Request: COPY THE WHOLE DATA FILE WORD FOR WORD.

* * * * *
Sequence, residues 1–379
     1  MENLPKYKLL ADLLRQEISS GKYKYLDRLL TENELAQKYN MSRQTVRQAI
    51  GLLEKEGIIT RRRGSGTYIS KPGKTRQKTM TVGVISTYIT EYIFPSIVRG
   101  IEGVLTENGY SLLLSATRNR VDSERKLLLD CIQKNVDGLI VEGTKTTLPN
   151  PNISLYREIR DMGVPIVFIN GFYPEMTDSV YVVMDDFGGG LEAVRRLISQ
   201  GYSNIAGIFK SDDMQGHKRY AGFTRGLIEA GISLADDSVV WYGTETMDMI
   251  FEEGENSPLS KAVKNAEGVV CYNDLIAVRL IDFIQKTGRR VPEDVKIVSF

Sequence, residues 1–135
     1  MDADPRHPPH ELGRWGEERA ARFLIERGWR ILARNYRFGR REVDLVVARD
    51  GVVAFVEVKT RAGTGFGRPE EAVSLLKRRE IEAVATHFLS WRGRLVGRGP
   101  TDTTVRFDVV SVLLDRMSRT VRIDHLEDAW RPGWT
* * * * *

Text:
Sequence, residues 1–379
     1  MENLPKYKLL ADLLRQEISS GKYKYLDRLL TENELAQKYN MSRQTVRQAI
    51  GLLEKEGIIT RRRGSGTYIS KPGKTRQKTM TVGVISTYIT EYIFPSIVRG
   101  IEGVLTENGY SLLLSATRNR VDSERKLLLD CIQKNVDGLI VEGTKTTLPN
   151  PNISLYREIR DMGVPIVFIN GFYPEMTDSV YVVMDDFGGG LEAVRRLISQ
   201  GYSNIAGIFK SDDMQGHKRY AGFTRGLIEA GISLADDSVV WYGTETMDMI
   251  FEEGENSPLS KAVKNAEGVV CYNDLIAVRL IDFIQKTGRR VPEDVKIVSF

Sequence, residues 1–135
     1  MDADPRHPPH ELGRWGEERA ARFLIERGWR ILARNYRFGR REVDLVVARD
    51  GVVAFVEVKT RAGTGFGRPE EAVSLLKRRE IEAVATHFLS WRGRLVGRGP
   101  TDTTVRFDVV SVLLDRMSRT VRIDHLEDAW RPGWT